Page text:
Micheál Martin crashed the love-in. The Government was “arrogant, out of touch and increasingly out of control” he harrumphed. “Obsessed with spin.” All this talk of achievements was a “fairytale story”. He hadn’t a good word to say about Enda and his “tired and complacent Government”. What’s worse is that he is afraid to give any detailed one-on-one interviews on radio or television – unlike the leader of Fianna Fáil.

Sing song

Vincent BrowneGerry AdamsNothing Compares to You

Gerry joined the Little Orphan Annie chorus by trilling about Tomorrow (only a day away). “Tomorrow’s demo outside the gates here will leave you in no doubt,” he told Enda, before calling on him to resign and call an election.

In training for the protest, Opposition speakers began upping the decibel levels. Finian McGrath loudly explained why he was voting no confidence – Enda looked crushed, while Richard Boyd Barrett showed Paul Murphy that a megaphone is not an essential piece of kit if you can shout loud enough. Shane Ross lost the run of himself and nearly burst a blood vessel as he fulminated at the top of his voice. Clare Daly was positively soft-spoken, by comparison, and she nearly shattered the glass dome in the ceiling. Speaking of the Taoiseach’s achievements, she thundered: “You have succeeded in galvanising opposition the length and breadth of the country.” As for Government confidence, he obviously didn’t see “the sour pusses” on the faces of his backbenchers sitting behind. But the criticism was too generalised. Government TDs were unfazed by it, blowing their own trumpets with gusto.

Ministers lined up to defend and praise their boss. Frances Fitzgerald: “A man who was unintimidated by The Terror of the Collapse.” Brendan Howlin: “The Taoiseach will go down in history as one of our finest taoisigh.”

Richard Bruton: “I would say very honestly that this Taoiseach has exceeded all expectations.” At which point, a woman in the public gallery fell asleep, her chin dropping down into her chest. Leo Varadkar sauntered in, sucking a sweet. Full of praise for Enda and the Government. “We’re only getting started now,” he said. “We can’t fall backwards.”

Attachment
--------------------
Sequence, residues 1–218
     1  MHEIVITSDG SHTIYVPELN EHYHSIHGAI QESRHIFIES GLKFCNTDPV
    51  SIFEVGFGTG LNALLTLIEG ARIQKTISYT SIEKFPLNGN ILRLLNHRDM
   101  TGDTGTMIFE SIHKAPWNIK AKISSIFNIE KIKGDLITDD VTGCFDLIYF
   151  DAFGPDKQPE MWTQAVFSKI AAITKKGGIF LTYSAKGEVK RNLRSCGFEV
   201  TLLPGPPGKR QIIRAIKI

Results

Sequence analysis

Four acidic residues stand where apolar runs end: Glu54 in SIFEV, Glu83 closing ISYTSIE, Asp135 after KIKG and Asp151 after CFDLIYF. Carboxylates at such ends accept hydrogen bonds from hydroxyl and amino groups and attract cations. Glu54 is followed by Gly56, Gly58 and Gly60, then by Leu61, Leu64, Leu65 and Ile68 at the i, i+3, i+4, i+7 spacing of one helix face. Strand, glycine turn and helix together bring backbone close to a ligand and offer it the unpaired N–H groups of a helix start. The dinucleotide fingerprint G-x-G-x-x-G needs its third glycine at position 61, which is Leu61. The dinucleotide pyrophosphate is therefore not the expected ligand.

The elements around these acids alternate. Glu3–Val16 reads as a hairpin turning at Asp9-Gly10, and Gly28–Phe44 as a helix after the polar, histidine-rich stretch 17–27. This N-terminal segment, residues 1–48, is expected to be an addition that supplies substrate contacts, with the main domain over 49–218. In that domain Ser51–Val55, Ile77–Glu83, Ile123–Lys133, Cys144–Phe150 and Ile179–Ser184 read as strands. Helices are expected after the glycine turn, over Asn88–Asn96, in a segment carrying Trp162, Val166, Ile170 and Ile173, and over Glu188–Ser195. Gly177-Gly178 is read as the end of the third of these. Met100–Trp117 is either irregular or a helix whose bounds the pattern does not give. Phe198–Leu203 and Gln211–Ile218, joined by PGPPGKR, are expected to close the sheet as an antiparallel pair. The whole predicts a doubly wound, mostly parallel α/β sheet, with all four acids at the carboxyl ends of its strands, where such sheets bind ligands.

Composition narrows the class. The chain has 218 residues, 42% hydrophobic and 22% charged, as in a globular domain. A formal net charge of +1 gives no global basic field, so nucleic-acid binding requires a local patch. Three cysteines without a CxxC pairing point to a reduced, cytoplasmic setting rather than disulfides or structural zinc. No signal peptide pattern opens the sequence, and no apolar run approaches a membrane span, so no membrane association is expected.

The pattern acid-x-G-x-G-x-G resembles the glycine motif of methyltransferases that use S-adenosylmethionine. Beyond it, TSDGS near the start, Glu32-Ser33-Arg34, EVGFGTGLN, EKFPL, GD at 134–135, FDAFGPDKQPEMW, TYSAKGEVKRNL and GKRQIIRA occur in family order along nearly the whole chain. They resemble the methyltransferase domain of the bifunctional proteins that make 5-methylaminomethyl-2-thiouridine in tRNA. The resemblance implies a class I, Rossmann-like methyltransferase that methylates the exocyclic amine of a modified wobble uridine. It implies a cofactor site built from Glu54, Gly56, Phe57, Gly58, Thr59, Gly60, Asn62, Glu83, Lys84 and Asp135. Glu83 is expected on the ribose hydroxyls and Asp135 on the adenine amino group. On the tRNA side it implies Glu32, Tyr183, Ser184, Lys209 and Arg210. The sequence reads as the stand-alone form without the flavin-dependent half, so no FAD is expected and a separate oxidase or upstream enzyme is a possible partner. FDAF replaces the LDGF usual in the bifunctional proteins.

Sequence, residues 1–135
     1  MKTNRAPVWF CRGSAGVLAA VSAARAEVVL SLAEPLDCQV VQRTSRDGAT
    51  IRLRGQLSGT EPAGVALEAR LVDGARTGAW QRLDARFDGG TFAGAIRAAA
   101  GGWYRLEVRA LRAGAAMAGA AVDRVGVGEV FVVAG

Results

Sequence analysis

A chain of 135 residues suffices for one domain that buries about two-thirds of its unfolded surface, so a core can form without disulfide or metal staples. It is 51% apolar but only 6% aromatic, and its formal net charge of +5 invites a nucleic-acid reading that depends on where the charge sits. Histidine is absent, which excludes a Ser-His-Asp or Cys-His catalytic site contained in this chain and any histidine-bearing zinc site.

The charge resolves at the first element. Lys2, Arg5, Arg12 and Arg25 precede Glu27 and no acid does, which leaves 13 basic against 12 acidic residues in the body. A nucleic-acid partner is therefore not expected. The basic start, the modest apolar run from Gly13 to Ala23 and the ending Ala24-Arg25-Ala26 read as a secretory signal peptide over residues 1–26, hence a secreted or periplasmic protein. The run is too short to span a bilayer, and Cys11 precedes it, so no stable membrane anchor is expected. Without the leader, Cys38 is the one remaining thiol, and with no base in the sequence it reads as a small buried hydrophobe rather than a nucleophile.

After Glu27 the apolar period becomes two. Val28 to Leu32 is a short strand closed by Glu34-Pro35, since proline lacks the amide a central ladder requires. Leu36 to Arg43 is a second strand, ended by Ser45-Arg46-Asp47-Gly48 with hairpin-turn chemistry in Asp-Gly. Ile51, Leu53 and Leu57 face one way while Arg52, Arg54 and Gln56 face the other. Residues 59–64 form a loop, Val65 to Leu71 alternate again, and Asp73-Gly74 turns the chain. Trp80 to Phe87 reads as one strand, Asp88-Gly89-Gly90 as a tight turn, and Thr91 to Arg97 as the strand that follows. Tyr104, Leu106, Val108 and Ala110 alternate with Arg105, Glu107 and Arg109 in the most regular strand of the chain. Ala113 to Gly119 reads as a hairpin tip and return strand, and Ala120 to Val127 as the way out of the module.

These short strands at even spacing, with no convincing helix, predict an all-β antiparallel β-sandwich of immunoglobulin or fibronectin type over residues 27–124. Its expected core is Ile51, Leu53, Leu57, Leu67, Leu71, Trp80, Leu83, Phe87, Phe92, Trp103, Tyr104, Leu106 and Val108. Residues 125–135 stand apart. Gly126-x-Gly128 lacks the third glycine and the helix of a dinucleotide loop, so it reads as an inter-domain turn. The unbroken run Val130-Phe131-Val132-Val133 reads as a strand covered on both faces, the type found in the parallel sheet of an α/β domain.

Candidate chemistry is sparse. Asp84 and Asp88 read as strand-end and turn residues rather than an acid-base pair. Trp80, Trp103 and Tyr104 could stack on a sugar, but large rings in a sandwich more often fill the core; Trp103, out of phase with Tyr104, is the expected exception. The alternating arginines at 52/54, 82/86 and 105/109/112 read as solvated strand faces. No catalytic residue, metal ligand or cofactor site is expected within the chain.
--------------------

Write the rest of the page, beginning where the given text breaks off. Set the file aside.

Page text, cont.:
And then, the two undoubted stars of a pretty useless afternoon. Michael Ring and Mattie McGrath. The Ringer, highly indignant on the Taoiseach’s behalf, started off with the volume on high and cracked it up until Health and Safety began hammering on the chamber doors. “I love my country!” he boomed. “To Inda Kinny and to Joan Burton, I want to say: CARRY ON!” At which stage he was carried out. Or at least, he should have been.

Mattie was in full flight. “What in God’s name is going on?” he cried. Search us, he was talking so fast we thought he was speaking Esperanto. The last crowd may have been bad, but the country “wasn’t as headless as we are now”. This Government “would tax a shroud.” Enda’s days were numbered, his epitaph written and he should “stand up and smell the coffee.” The Taoiseach smiled. He’d had a reasonably easy day. Mattie wound up for the big finish: “The Black and Tans didn’t do as bad!” At 8pm last night, the Dáil got around to discussing the order of business, where the House decides on the running order for the day. Eight hours after business started. “An awful, ramshackle, ham-fisted, ridiculous farce of a way to order the business of the House,” huffed Micheál Martin, not unreasonably. “Have we lost our marbles completely?”